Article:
Overall, a decent look at Kennedy's life, and not a bad or terrible book, but something that experienced readers on Kennedy will likely find unsubstantial.
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on January 25, 2012
I found this book poorly researched, heavily agenda driven, and simply uninformative in adding any novel scholarship or knowledge or viewpoint on how Kennedy can be uniquely examined. That Matthews tries to paint JFK as a true conventional cold warrior explains how he truly misunderstands Kennedy and how the author himself has become a reinforcement for purely conventional in the box thinking.

JFK was far from a conventional cold warrior. Looking back at his dealing with Vietnam as a Senator and his speeches against known views against colonialism as well as his perturbation about US policy in Congo, Indonesia, Cuba by the previous regime, one can tell much more nuance and reservation existed in his thinking, none of which Matthews captures in his heavy handed approach.

First off, the author only spends less than a 1/5 of the book on the actual Presidential years and chooses to paint Kennedy as a personal hero in the war, PT boat venture, and so on. This would be fine and perfectly acceptable if he did not miss so many valid examples of JFK as an elusive hero in his stances on major cold war issues.
Things ignored that make JFK elusive:
1) Reaching out to Castro through back channels to achieve the closest thing to detente with Cuba that has ever been achieved
2) More understanding of behind the scenes in getting rid of establishment figures in Dulles and Cabell and other top CIA guys post bay of pigs
3) Vietnam withdrawal policy, national security action memo 263.

Moreover the author fails to use the most recent authoritative works as sources for his work. He endeavors to talk about the Cuban Missile Crisis and there is no mention of the Kennedy Tapes, which are actual tapes transcribed from primary sources.

Couple of books worth reading and which have been recognized as historically authoritative and which the author completely ignores: JFK and Vietnam, Kennedy Tapes, JFK: Ordeal in Africa.
This book relies too much on a couple of older more outdated historical works by Herbert Parmet. JFK: The presidendy of John F Kennedy and Jack: The Struggles of JFK. Both were written in the early 80s and much has been learned after their publication, especially with the release of documents since.

Not a book that adds scholarship in any substantial way to existing body of knowledge, is heavily driven by attempt to reinforce this establishment ideal that JFK was conventional by the book cold warrior, and is poorly researched (fatal flaw). In a way its understandable that a cable tv host simply lacks the attention to detail and ability or desire to glean new scholarship from intensive study of existing work including primary source. The cable tv business feeds at the trough on the opposite end of that spectrum. The one that rewards black and white, conventional, shallow shilling by perpetually moving mouthpieces in the D &R debating format of today. This was closer to a cut and paste conventional history reliant on outdated sources at the the expense of more valid and recent research--no wonder the author found Kennedy so elusive!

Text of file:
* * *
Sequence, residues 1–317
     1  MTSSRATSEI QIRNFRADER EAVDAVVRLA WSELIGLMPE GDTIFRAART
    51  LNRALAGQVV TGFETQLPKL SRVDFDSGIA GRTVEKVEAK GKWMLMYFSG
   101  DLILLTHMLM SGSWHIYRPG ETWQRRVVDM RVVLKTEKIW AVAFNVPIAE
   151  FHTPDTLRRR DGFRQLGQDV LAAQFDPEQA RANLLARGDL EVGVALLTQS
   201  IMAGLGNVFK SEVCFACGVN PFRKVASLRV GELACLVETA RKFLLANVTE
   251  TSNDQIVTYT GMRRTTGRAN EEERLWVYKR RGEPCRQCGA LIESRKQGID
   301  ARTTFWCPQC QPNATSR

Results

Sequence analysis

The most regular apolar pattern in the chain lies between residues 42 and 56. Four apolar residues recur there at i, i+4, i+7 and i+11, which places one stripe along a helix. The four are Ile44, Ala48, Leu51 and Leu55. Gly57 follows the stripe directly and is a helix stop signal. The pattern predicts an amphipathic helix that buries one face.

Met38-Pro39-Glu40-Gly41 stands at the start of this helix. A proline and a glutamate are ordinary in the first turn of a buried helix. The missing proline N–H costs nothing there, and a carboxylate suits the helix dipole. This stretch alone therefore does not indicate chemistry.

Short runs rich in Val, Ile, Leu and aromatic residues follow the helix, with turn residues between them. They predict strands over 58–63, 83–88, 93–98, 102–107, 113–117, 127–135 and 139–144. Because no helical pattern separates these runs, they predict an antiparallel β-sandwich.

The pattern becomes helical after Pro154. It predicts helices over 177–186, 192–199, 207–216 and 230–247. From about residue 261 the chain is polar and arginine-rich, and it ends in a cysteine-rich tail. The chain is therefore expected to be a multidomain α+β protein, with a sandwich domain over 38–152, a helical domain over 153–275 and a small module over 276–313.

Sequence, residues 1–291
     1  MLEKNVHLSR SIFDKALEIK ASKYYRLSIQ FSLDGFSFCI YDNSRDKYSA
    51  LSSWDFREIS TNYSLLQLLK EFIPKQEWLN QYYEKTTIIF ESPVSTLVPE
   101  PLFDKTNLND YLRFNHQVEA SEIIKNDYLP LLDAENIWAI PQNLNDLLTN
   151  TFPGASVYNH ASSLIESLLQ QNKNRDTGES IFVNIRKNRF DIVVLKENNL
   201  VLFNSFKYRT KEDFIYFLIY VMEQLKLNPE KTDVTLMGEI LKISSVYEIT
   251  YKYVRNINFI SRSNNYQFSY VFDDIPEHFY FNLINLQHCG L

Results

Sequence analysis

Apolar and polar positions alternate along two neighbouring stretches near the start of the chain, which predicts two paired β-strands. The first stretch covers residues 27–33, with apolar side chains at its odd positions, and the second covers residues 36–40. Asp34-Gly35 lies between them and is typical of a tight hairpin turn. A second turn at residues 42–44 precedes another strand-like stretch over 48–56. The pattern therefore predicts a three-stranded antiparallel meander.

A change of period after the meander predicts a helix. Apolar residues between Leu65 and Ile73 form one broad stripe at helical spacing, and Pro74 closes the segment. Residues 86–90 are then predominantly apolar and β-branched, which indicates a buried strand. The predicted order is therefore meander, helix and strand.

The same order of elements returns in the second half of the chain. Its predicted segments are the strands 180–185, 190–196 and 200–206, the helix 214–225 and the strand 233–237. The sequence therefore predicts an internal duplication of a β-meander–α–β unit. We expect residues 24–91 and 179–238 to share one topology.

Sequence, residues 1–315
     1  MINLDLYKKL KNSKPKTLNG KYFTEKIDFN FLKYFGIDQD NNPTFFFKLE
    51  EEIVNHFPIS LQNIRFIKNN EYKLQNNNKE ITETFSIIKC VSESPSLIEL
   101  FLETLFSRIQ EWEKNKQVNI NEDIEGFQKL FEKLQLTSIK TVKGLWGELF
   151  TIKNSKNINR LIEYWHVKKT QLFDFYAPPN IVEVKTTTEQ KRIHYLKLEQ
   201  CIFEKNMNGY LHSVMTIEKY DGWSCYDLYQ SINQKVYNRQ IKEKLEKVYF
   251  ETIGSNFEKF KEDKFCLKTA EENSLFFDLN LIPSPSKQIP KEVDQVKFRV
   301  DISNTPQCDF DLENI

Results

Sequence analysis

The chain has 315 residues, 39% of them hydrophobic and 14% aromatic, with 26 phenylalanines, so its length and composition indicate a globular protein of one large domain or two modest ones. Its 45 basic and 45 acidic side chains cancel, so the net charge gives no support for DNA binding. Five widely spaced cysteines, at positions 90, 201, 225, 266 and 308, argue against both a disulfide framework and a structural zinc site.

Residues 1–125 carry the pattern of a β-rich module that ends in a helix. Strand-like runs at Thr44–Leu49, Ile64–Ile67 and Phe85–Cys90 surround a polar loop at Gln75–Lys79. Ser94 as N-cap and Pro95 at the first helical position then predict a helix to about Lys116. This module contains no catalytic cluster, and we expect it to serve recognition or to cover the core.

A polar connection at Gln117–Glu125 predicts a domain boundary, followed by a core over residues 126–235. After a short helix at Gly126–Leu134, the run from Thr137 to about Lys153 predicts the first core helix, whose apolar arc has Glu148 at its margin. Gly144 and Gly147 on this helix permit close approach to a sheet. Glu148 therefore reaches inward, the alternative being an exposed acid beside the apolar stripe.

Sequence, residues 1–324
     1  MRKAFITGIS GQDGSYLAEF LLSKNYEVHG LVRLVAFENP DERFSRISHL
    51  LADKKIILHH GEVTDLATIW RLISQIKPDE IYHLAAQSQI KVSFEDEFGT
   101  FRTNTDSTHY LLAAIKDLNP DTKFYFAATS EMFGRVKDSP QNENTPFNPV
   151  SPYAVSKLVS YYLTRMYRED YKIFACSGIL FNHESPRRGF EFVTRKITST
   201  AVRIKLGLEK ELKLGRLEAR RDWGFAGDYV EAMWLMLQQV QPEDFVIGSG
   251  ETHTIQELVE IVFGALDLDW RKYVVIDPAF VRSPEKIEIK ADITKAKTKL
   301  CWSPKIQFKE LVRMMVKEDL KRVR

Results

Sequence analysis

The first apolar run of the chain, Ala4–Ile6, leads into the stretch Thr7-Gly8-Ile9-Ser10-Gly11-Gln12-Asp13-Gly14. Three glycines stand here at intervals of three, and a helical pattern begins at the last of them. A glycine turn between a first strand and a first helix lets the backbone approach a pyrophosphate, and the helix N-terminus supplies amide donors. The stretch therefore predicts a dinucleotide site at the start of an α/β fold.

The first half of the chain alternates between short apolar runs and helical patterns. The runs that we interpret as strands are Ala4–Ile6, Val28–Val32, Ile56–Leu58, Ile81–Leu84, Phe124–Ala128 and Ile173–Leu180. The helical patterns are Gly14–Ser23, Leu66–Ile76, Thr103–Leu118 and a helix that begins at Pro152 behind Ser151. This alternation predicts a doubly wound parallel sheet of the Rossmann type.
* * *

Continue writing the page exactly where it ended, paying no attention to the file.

I learned more about the author in this attempt at biography than the subject unfortunately.
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VINE VOICEon November 2, 2011
Let me say up front I am a huge fan of Chris Matthews' TV program. What appeals to me is his combination of practical nuts and bolts political savvy, a historical take on political events, and what I consider his idealism--you might even say he has a streak of romanticism about politics. In Chris Matthews' political world there are heroes. If you like this approach and you are interested in JFK you are bound to love this book.

This book made me think of Plutarch's Lives--portraits of public figures, warts and all, that illuminated their inner character. I was struck by Kennedy's early experience in war and the way it made him want to do something to further the cause of peace. Kennedy seems to have had intimations of his fate--just as many of Plutarch's Greek and Roman heroes did. Because of health problems he lived with the prospect of an early death. His personal hero was a brave man struck down young by a sniper.